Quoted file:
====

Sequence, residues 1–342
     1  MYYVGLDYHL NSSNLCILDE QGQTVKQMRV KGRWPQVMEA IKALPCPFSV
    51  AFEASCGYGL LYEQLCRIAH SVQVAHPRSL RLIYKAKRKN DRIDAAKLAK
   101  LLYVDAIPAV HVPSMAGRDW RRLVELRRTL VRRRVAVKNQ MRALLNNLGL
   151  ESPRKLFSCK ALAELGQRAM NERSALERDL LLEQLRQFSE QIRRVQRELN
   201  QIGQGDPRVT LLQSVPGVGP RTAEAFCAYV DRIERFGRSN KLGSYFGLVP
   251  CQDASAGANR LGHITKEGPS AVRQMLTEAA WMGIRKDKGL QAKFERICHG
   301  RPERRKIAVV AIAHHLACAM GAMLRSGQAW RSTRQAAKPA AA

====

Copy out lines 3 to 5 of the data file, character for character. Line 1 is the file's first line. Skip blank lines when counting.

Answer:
    51  AFEASCGYGL LYEQLCRIAH SVQVAHPRSL RLIYKAKRKN DRIDAAKLAK
   101  LLYVDAIPAV HVPSMAGRDW RRLVELRRTL VRRRVAVKNQ MRALLNNLGL
   151  ESPRKLFSCK ALAELGQRAM NERSALERDL LLEQLRQFSE QIRRVQRELN